“Immediately Jesus made the disciples get into the boat and go on ahead of him to the other side” — Matthew 14:22
Just after Jesus feeds the five thousand, the gospels of Matthew, Mark and John tell us that Jesus “made” the disciples get into the boat and go to the western shore of Galilee. This word “made” may also be translated “compel,” “necessitate” or even “force.” It is a very strong word that leaves little doubt the disciples did not have a choice in the matter.
What we see is Jesus compelling the disciples into a boat He knew would:
- take them into a storm
- find them “straining at the oars” (Mark 6:48) and
- ultimately blown off their intended course.
The disciples, intending to take a short boat ride across the northern tip of a lake that is merely four miles wide, soon find they were still in the middle of the lake (Mark 6:47) after rowing three or three and a half miles. They were in a storm and going nowhere fast. Fortunately, Jesus rescues them by walking across the lake.
At first, this sounds like a heartless thing for Jesus to do. Why would God send them (and us) to a place where He knows we will fight, strain and struggle, only to wind up further from our destination than when we started? I believe that Jesus needs all His disciples to learn a number of lessons, and the first lesson is this: Jesus is sovereign over all His creation.
The account in John (6:16-21) tells us that the disciples were amazed at Jesus because they didn’t understand the miracle of the loaves and fishes. Had they taken time to meditate upon the miracle of the loaves, they wouldn’t have been surprised and amazed at the Lord’s sovereignty over the wind and the waves. I know I’ve been amazed at God on more than one occasion, and that is more of an indication of my lack of understanding than it is in God’s ability to produce miracles.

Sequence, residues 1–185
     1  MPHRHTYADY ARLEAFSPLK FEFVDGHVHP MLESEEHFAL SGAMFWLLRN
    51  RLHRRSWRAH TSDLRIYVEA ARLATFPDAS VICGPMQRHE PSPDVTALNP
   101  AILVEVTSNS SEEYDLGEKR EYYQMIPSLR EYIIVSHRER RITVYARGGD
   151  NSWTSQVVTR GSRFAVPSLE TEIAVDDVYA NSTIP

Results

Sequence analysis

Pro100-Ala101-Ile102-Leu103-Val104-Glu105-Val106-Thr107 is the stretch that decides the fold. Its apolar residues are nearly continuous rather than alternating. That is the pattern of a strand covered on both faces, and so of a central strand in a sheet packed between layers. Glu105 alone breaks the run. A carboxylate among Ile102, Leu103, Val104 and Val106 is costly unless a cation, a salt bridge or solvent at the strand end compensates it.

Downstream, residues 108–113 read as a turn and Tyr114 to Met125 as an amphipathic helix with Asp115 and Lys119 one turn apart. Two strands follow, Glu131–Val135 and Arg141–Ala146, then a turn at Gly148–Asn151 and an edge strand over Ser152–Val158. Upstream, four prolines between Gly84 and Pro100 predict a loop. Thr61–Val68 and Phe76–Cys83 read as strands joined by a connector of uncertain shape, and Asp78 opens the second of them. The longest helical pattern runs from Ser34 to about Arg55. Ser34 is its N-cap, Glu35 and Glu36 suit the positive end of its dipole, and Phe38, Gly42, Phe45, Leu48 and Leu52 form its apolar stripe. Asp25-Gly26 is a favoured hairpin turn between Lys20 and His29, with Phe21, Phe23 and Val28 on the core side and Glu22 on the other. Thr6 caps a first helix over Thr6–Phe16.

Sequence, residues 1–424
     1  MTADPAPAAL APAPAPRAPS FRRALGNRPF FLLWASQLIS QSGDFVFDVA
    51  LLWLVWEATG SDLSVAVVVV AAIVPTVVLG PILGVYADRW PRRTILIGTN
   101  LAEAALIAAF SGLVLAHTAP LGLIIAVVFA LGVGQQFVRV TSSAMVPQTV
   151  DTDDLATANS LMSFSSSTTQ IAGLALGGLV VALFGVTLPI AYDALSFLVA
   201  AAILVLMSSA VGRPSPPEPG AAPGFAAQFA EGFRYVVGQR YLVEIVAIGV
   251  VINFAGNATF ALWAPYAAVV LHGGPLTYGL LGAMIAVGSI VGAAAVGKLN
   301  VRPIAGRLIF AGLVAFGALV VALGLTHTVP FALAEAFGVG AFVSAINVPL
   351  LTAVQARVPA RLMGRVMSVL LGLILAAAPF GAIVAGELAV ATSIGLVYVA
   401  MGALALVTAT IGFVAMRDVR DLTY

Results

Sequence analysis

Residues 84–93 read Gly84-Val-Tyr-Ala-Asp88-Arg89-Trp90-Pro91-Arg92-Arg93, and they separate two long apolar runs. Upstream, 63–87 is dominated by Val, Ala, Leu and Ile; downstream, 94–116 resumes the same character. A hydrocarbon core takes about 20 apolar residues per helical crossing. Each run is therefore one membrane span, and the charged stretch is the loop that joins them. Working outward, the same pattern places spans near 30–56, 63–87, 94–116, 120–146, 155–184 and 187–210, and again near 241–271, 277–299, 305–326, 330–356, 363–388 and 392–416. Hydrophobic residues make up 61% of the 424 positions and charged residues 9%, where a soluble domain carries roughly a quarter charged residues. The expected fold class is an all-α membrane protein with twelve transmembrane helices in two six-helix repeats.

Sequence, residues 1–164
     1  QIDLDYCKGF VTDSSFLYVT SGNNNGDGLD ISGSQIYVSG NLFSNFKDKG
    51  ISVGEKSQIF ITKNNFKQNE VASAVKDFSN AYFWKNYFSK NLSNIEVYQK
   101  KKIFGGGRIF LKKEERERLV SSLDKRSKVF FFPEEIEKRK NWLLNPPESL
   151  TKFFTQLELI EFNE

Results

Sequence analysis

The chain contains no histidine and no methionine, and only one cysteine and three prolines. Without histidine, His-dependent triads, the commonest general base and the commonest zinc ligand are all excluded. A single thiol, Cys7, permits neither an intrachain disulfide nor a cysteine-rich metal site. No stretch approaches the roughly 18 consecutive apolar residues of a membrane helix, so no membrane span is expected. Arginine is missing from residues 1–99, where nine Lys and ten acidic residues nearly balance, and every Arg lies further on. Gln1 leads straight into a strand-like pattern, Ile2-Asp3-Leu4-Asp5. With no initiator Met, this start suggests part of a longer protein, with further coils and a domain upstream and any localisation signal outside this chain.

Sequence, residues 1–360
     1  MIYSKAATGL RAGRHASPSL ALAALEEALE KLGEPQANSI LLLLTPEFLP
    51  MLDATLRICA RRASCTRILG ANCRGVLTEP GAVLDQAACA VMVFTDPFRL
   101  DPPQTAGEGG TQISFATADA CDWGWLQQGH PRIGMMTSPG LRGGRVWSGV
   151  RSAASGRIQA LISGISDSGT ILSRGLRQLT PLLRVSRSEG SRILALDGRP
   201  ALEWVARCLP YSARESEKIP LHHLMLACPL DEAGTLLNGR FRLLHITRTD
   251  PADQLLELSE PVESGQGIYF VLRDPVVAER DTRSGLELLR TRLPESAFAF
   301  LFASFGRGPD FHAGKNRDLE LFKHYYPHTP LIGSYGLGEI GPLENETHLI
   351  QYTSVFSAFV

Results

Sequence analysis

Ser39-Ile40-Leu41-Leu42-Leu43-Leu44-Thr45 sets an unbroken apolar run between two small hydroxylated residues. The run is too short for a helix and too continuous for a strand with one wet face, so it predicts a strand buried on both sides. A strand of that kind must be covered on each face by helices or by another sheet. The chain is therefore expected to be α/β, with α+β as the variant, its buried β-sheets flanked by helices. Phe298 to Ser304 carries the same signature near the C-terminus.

There are also some comforting moments in this episode. We’re learning that not only does Jesus sometimes send us into the storm, but He knows we are straining (Mark 6:48), He is interceding while we are in the storm (Matt. 14:23), and He comes to us in the midst of our struggles. Job 23:10 says, “But he knows the way that I take; when he has tested me, I will come forth as gold.” God is aware of where we are; it is only us who cannot always identify the places we’ve been blown to.
I’ll admit, sometimes I’ve been compelled into a boat that I thought would be an easy row across a small lake, only to find myself in over my head and straining to maintain my momentum. It is at the darkest hour of the night that Jesus shows up, if only to remind m that He has never left me. But there is something else. I believe God wants us to remember that for all our human effort, there is nothing so miraculously comforting as His simple presence walking onto our boat. And when He does, somehow, we will find ourselves on the shore we were headed to in the first place (John 6:21).